Another Frenchman, François Bernoyer, head tailor of the army and Italian campaign veteran, wrote letters to Marie-Catherine Boutin, his fresh bride left behind in Avignon. In 1915 his diary was passed to the family of historian Christian Tortel, who co-authored Bernoyer’s version of the campaign, including Malta.
In 1798 Malta, he thought he could test his ideas in creating a modern society not through military orders but with a thorough social reform
“The Maltese are sailors, at ease with the sea, warm and friendly,” he admits, “but more chauvinistic than patriotic. Bonaparte is a genius, admired and feared by his men.” Bernoyer feels proud when he discovers, on June 16, how Bonaparte declared all the inhabitants of the island to be French citizens and form part of the Republic.
He describes the landscape: “Outside the city walls, one could see sporadic miserable peasant habitations amid dry, arid land, badly cultivated. One could not see the beautiful villas usually found outside European cities; only convents, numerous chapels and wayside crosses at every corner. It gives you a clear idea of the people’s faith.”
Bernoyer bestows praise on Valletta: “Full of beautiful palaces with terraces and stepped roads, allowing horses to move around without hindrance. The new government formed a legion of Maltese soldiers. To crown their public rejoicing and to express their satisfaction at their union with France, the Maltese National Guard, a force of nine hundred men chosen from wealthy citizens, traders and those interested in public order, organised a grand banquet inviting all the French officers and generals.”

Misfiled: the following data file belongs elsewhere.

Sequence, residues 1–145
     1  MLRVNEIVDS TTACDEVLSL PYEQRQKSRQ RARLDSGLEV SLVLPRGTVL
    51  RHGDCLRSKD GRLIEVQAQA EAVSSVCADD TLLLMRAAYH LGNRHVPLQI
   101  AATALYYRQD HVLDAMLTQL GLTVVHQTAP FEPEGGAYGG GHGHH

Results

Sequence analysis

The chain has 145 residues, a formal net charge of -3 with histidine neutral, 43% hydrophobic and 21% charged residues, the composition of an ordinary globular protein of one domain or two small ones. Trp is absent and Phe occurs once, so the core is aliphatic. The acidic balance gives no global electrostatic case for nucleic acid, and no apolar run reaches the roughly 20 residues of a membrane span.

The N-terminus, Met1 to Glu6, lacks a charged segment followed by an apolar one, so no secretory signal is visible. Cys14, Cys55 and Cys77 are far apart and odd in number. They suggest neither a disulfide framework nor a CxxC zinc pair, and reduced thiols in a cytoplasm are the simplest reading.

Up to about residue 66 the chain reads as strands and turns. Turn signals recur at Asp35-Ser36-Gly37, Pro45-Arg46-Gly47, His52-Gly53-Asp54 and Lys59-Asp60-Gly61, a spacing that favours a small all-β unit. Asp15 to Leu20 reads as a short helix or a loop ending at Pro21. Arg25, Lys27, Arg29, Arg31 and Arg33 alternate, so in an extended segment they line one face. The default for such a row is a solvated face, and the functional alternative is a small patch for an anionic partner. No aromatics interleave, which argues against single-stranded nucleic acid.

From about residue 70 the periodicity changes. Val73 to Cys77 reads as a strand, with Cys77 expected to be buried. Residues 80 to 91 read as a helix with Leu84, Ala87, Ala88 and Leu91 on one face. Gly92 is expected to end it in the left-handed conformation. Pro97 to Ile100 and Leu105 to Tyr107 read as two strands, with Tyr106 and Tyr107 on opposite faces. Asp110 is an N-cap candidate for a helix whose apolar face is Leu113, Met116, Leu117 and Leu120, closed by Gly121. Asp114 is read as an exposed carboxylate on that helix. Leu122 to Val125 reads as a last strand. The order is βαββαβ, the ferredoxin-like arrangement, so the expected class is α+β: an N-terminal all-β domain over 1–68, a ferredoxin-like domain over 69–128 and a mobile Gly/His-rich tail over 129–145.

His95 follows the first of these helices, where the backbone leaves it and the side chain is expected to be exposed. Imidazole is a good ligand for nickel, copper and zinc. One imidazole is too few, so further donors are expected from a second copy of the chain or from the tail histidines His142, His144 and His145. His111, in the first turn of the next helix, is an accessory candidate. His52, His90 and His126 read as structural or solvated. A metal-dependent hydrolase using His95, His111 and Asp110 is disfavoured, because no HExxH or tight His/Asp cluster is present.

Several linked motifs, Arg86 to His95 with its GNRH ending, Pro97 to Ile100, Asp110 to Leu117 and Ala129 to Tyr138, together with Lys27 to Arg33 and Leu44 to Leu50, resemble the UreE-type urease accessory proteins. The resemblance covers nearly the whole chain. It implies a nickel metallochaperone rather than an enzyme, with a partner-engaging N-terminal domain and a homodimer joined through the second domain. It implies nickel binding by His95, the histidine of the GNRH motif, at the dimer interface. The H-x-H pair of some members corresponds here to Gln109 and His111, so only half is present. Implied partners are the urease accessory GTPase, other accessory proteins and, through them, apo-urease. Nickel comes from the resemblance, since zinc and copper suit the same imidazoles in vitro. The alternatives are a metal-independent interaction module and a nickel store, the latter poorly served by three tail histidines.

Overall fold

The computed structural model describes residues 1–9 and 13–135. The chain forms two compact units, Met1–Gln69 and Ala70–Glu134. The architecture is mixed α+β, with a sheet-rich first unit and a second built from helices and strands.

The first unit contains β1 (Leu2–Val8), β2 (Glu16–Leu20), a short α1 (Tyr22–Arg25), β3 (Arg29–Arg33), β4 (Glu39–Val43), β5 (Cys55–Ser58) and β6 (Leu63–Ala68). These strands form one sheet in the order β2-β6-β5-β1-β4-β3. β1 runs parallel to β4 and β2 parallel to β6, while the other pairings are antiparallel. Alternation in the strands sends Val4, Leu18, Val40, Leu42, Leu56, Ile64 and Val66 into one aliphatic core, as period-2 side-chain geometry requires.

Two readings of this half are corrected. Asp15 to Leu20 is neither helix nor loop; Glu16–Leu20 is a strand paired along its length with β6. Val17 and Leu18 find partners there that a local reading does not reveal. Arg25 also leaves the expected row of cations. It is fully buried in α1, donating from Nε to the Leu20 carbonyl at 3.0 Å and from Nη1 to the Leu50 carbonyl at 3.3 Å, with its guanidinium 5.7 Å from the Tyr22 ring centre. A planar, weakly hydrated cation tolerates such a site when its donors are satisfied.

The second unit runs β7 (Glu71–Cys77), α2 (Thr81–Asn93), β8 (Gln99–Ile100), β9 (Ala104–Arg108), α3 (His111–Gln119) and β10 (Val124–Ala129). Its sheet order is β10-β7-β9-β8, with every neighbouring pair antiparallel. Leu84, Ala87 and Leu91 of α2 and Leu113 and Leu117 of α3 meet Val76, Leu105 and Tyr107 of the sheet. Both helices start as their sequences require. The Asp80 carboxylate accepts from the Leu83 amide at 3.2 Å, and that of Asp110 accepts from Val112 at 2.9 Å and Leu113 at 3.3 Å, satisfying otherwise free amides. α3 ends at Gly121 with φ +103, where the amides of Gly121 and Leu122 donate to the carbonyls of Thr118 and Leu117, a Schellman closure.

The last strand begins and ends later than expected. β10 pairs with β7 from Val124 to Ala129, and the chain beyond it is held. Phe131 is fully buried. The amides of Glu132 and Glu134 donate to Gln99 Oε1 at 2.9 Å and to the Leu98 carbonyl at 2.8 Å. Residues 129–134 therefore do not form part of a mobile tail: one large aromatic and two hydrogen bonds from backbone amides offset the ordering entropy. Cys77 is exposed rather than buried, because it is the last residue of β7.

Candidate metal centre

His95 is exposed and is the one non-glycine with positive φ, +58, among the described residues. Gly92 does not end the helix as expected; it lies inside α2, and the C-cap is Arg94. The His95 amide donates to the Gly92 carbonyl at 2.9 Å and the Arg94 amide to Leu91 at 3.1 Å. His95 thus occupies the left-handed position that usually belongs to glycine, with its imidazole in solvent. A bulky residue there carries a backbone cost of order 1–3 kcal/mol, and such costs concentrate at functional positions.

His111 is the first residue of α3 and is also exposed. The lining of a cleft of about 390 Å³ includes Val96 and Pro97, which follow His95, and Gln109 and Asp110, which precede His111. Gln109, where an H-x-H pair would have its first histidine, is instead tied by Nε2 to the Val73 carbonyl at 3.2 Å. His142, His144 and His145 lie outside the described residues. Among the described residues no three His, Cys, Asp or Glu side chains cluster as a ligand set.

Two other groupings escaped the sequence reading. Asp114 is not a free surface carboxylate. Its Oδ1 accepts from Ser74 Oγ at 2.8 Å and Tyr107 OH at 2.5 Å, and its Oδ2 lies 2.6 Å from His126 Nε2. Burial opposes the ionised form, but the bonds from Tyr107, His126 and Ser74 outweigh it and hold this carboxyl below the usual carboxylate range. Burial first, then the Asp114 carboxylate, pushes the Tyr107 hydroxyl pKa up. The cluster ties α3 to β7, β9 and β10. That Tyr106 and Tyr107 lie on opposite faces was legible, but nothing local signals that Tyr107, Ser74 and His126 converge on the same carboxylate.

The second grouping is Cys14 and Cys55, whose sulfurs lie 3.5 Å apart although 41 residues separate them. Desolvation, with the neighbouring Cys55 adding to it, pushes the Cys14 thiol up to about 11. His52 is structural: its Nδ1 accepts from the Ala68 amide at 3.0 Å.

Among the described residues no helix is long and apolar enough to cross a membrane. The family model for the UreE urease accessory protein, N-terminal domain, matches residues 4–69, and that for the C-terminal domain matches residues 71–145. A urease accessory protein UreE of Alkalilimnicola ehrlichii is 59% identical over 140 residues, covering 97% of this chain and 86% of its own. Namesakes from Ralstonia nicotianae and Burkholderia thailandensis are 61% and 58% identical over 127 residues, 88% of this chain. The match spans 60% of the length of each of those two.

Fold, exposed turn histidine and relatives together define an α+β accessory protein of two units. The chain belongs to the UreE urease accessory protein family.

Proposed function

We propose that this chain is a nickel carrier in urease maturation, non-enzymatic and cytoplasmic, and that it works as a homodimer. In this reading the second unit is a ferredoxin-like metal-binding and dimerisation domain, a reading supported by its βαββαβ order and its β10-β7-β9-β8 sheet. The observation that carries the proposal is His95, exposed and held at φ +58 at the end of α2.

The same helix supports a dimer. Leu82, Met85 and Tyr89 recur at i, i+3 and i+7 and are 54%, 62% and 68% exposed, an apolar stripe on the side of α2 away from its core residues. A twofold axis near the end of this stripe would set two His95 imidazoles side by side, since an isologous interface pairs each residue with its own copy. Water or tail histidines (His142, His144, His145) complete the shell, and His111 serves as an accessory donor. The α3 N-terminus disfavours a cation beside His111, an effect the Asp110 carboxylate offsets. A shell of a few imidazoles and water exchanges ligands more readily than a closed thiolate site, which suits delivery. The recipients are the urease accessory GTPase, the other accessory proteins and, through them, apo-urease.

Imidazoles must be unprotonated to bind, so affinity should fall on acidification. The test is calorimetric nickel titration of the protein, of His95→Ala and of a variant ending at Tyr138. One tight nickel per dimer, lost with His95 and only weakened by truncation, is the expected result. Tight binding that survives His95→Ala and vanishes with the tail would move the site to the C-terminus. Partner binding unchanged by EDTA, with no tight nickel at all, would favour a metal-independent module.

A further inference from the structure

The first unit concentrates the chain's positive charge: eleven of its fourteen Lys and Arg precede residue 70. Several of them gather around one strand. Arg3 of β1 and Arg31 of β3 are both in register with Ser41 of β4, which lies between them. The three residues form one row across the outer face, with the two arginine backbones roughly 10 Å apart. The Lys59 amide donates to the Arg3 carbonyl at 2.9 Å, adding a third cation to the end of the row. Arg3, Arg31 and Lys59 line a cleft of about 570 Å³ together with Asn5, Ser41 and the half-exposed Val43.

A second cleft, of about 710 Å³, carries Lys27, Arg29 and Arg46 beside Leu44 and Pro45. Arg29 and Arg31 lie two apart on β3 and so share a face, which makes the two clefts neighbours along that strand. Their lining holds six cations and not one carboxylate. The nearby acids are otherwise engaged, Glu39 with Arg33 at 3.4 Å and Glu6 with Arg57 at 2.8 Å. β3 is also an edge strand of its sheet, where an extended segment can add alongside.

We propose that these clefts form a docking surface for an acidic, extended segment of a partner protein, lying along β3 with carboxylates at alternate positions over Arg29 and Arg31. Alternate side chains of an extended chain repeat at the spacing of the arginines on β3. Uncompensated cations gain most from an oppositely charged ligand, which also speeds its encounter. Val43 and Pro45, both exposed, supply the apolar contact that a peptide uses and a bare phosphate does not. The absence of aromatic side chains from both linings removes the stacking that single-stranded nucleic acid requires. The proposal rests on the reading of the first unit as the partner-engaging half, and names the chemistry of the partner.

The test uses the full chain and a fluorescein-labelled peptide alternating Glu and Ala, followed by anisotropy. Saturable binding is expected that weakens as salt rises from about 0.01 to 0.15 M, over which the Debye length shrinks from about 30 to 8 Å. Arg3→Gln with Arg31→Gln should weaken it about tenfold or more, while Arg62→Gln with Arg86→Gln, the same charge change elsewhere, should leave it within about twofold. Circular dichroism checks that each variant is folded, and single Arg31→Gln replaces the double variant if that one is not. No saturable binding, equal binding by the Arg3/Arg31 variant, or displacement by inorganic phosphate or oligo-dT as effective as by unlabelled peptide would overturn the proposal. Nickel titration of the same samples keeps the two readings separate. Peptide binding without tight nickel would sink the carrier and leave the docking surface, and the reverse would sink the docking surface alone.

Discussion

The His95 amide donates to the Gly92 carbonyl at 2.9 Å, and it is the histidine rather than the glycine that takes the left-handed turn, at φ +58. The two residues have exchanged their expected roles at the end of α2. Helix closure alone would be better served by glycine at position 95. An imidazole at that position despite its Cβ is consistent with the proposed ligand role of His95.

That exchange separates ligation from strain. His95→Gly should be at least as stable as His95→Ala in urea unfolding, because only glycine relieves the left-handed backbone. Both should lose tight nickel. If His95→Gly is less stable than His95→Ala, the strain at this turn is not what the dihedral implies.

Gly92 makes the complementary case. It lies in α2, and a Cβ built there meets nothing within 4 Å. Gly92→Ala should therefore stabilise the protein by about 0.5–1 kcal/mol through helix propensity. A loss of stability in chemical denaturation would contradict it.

In two years’ time we mark 200 years since Napoleon’s passing away. Upon his death, friends and foes generated a universal cult in his memory.
Alessandro Manzoni in Italy captivated the myth with Il Cinque Maggio, marking his death on May 5, 1821, inspiring Vincenzo Caruana with Fuq il-Mewt ta’ Bonaparti. In Russia, Alexander Pushkin, in his Eugene Onegin, confesses: “We all possess Napoleon’s features.” Beethoven had already bestowed his Eroica to the Emperor, changing his dedication later to preserve his popularity in Vienna. Immersed in orchestrated anti-French propaganda, Britain was not spared from the irresistible power of Napoleon’s fascination. British Whig politicians argued that Napoleon was forced to become “master of the Continent by Allied aggression”.
Napoleon’s rise had struck a chord with English romantic poets such as William Wordsworth, Samuel Taylor Coleridge and Lord Byron, the last two quite familiar with Malta. Wordsworth, in The Convention of Cintra, saw the Peninsular War as a struggle of good against evil, figuring Napoleon as the ‘evildoer’. The poet, according to Simon Bainbridge, “dehumanises and de-historicises Napoleon, he demonises and Satanises him”.
Coleridge, who arrived in Malta in 1804 to liberate himself from opium dependency, mused that Napoleon had “those daring and dazzling qualities that too often make a tyrant pass for a hero”, helping Commissioner Alexander Ball to “change the minds of the people” with his regular contributions to the Maltese Gazette.
While Britain’s Opposition leader, George Ponsonby, in 1810 had described Napoleon as “the greatest man that has ever appeared on the face of the earth”, Byron, the third of the Laker poets, who visited Malta in 1809, deemed the French Emperor “heroic and mock-heroic, sublime and ridiculous”, formulations the poet also used for himself.
Byron’s disappointment with his hero came about only when Napoleon failed to make a dramatic exit and instead abdicated his throne in 1815. Aware of Napoleon’s posterity, he chides his charismatic hero: “If thou hadst died as honour dies, some new Napoleon might arise, to shame the world again.”
Dr Charles Xuereb is author of France in the Maltese Collective Memory, Perceptions, Perspectives, Identities after Bonaparte in British Malta (Malta University Press, 2014, out of print).